There is no anxiety like that of a parent boarding a plane with small kids. Okay, maybe that’s an exaggeration, but traveling with young children isn’t always easy, and being in a contained space with squirrely toddlers isn’t a picnic for parents or fellow travelers.
Samantha Brown, Emmy Award-winning host of the PBS series Samantha Brown’s Places to Love (now filming its third season) has been traveling with her 6-year-old twins Ellis and Elizabeth since they were infants, making her a seasoned pro both on and off the air. Her mantra? It’s going to be okay.
“In travel things go wrong, but your kids will watch how you deal with those situations,” she says. “Travel is where you can learn many lessons about life. And one thing that makes traveling with kids so special is your kids get to see you like a kid. What it does for a sense of their love and strength of your family can’t be talked about enough. Make sure you relax and have a great time so your kids can see you in that way.”
Before you sit back and relax, how do you make it to your destination? Here are some of her top tips.
What should I bring on a plane to entertain my kids?
“Now that my twins are older, we don’t bring a lot, but when kids are around 3 or 4, that fear of traveling really strikes parents,” Brown says. “I brought balloons that I could inflate; they came in handy when we were waiting to board flights especially. You can have your kids work off a lot of energy playing with them while staying in a contained space in the boarding area since they don’t travel far like a ball.”
Another pre-boarding trick? Playing with bubbles. “Same idea — they allow the kids to jump around, but not get in other people’s personal spaces. You just want to wear the kids out.”
With younger kids, “my favorite place was the Dollar Store,” Brown says. “Just go load up on little trinkets, because you really have no idea what your child is going to take interest in. Try to get one item for every 20 minutes of flight time.”
“I’d get things like calculators, gel stickers for the window, even tape — young kids love tape!” she says. “I know some parents even wrap the gifts to keep kids occupied and engaged.”
For older kids, coveted screen time is always a win. “All my kids care about is having a screen,” she says, laughing. “We like flying United because they have the screens in back of their seats. But I still bring bubbles with me, because if I hear a crying baby and blow them in their direction, they get distracted immediately.”
How do I keep my kids calm during the airplane boarding process?
“We never use the family pre-boarding,” Brown says. “We separate the task: my husband goes first with the gear, sets up shop, and I wait until the very last zone and the last person walks down the jetway. That gives us more time to wear them out in the boarding area, and once we get on the plane it’s only about 15 minutes until takeoff. You don’t need them to sit much longer than the plane ride itself.
“When you use pre-board with really young children you are putting the child on the plane at the most stressful part of the trip,” she continues. “Pre-boarding is an awful time — everyone is stressed out, even adults can’t keep it together. And a baby can absorb that stress, and – once you get to a cruising altitude – release it. That’s why you get a lot of unhappy babies early on in the trip — they’ve just absorbed the stress of every adult coming on that plane and need to let it out.”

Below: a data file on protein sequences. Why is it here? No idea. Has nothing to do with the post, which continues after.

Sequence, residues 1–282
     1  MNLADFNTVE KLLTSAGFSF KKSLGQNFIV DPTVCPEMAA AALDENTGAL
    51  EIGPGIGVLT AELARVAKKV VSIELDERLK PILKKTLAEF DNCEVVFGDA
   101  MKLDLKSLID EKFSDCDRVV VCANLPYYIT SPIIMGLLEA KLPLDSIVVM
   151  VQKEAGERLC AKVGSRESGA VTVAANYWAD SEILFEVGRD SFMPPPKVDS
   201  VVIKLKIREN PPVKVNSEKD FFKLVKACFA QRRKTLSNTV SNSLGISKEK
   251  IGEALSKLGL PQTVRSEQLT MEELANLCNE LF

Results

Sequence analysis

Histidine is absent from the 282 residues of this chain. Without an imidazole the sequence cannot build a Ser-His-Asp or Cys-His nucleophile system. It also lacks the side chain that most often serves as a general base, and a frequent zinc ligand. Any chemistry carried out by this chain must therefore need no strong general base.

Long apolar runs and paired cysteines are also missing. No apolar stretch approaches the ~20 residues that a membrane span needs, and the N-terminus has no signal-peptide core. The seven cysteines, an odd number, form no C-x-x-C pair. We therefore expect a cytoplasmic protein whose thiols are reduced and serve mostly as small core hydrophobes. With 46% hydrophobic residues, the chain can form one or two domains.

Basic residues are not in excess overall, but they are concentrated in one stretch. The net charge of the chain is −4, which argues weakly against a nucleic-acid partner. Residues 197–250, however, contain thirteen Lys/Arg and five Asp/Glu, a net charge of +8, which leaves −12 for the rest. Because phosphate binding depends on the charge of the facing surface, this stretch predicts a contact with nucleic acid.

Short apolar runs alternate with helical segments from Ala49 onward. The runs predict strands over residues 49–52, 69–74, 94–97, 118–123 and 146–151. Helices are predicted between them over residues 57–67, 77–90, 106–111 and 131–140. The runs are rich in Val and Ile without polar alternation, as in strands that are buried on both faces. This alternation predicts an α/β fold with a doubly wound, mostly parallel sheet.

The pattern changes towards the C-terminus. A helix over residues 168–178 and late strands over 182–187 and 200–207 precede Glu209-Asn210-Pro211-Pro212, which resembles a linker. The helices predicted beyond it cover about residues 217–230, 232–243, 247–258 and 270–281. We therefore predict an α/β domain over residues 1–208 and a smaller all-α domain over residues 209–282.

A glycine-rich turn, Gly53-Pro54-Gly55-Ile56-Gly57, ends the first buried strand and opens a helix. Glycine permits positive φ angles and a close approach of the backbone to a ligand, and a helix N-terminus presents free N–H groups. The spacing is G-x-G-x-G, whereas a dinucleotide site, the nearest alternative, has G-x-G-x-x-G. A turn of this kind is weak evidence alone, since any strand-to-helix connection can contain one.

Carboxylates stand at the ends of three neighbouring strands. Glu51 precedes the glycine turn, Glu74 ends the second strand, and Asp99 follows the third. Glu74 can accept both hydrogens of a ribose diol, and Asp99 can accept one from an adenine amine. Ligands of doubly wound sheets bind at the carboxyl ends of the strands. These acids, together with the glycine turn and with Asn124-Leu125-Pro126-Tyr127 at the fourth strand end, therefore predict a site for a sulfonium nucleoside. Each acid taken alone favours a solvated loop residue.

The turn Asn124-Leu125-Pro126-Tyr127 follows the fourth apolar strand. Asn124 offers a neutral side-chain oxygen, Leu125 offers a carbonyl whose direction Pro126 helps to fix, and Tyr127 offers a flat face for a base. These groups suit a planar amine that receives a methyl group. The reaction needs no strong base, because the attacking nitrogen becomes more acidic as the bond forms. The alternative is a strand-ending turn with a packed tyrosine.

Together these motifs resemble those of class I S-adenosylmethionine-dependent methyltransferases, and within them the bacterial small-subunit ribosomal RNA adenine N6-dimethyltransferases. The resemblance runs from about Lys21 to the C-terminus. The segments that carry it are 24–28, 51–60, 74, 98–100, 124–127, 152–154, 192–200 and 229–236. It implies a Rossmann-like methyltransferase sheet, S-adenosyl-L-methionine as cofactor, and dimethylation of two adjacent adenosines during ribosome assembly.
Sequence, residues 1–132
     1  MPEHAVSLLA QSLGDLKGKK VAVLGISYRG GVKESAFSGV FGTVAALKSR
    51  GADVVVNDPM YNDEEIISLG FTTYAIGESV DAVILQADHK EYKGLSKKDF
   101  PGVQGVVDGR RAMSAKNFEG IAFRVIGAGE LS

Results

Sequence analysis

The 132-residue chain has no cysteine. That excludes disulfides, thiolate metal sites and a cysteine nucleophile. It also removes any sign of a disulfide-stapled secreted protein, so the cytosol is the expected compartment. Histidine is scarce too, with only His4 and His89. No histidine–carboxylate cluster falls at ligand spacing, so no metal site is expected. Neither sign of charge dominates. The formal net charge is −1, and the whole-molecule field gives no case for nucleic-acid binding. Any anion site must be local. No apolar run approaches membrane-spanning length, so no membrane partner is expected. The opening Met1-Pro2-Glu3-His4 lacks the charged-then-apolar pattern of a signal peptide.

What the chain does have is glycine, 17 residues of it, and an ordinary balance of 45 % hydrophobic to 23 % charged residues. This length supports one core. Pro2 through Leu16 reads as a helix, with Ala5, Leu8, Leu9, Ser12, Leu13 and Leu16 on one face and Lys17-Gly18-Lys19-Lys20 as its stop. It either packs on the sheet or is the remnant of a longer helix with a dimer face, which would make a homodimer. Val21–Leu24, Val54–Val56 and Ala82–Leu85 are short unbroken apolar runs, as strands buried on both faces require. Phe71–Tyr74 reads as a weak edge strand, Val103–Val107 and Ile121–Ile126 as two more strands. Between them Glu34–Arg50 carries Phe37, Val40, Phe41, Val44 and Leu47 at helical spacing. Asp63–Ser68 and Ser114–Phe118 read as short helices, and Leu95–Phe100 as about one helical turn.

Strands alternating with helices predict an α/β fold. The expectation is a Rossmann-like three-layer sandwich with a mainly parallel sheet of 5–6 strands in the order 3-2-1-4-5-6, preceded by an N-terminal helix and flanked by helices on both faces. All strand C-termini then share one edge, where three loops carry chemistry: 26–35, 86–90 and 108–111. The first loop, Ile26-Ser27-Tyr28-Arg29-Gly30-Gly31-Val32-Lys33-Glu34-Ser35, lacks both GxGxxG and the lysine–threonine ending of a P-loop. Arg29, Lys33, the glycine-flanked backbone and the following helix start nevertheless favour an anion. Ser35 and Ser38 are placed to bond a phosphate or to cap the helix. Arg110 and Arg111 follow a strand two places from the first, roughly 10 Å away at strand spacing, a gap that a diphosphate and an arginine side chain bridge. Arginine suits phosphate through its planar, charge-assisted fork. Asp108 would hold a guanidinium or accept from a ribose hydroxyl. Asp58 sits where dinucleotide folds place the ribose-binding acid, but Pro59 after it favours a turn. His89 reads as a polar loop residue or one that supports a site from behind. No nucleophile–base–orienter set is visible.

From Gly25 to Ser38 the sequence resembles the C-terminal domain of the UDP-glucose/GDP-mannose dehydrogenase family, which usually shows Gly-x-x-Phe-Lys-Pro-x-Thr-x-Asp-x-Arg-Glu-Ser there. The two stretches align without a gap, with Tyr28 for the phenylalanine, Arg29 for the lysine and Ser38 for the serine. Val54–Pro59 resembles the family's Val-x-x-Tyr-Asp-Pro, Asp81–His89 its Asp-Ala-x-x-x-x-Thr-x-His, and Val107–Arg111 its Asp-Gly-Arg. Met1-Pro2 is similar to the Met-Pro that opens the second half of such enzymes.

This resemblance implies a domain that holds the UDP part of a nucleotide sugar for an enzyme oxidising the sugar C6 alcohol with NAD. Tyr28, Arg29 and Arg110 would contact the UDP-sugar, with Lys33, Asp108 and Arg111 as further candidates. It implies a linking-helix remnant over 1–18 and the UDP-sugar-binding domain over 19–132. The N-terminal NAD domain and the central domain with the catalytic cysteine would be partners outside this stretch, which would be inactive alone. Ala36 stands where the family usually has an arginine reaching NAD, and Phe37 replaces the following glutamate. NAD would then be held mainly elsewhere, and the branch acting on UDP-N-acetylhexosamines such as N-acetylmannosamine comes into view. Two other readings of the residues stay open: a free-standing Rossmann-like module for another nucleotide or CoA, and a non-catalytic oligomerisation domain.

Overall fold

If my child still uses a car seat, should I have them use it on the plane?
Yes, says Brown (and these pediatricians we spoke to). “Not only are they safer in their car seats, but they feel that comfort,” she says. “It makes them feel safe. I know it’s a budget thing — kids can fly free up until 2 years old — but I can’t imagine having a child on my lap for eight hours. It can make for a tired parent and miserable child.”
Should I hand out apology letters and treats to the people sitting near me?
Many stories of celebs and new parents doing this have gone viral — giving out earplugs, candy, free drinks and “I’m sorry” letters — but “I don’t think it’s necessary,” Brown says. “I did it once when we flew overnight, because I had no idea how my kids would do. I bought four Starbucks cards and gave them to people to say, ‘I’m sorry, we’re going to do our best.’ They did really appreciate it but my kids ended up sleeping for the whole night! At a certain point, though, people seemingly understand the problem the child is having.”
We loved traveling before we have kids. Can we still see the world now that we have little ones?
Of course! However Brown does say she’s changed the way she’s traveled.
“You do less, you don’t stress out, you take breaks,” she says. “We try to pack in the biggest attractions in the morning, then after lunch, go take a nap. Everyone needs to take a nap. We can power through but children do need a break, and you often find you need a break, too.”
Bonus: What are your favorite U.S. summer destinations for families?
“I love anything with a beach,” Brown says. “Myrtle Beach is one of my favorites; it has plenty of room along the shore, an amusement park, putt putt.
“A place we go back to every year is Maine — my mom lives there, and it has great beaches and ice cream. Really anywhere we can just relax and have fun, have that old-fashioned family vacation, is great for us.
“For cities that have a lot for kids, San Diego has the beach but also amusement parks. Chicago has Navy Pier, the beach, great food and great zoos.”
Though things might go wrong when you take a family vacation, do your best to go with the flow. “Say, ‘It’s an adventure! That was closed, or it rained, so we’re going to do this cool thing instead,’ ” Brown says. “Just have fun and your kids will, too.”